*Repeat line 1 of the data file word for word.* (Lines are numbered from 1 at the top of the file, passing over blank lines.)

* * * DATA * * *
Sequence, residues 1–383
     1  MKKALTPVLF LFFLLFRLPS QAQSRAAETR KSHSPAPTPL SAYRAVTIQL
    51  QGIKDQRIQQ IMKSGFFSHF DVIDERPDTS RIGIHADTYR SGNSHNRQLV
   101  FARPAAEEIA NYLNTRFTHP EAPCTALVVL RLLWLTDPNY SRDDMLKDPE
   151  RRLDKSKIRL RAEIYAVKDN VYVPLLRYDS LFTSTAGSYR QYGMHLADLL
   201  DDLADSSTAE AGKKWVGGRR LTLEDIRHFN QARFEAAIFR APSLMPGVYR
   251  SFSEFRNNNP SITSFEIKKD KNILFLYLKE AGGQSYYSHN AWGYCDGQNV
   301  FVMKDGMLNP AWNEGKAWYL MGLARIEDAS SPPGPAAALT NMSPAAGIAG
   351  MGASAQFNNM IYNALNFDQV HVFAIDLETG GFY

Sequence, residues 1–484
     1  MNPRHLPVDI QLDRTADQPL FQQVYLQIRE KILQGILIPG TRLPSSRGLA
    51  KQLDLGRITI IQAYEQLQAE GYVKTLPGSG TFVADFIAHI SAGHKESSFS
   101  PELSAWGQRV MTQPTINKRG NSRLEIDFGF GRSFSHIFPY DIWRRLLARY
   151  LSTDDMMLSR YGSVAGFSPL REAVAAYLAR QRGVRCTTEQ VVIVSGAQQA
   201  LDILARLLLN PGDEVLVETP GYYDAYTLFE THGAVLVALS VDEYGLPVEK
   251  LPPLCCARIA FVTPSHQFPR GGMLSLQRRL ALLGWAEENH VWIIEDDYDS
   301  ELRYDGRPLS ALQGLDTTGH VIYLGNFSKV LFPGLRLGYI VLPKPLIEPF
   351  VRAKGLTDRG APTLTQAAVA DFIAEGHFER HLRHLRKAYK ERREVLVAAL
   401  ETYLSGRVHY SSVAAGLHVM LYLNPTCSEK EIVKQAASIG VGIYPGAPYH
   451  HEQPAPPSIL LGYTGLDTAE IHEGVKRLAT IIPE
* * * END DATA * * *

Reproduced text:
Sequence, residues 1–383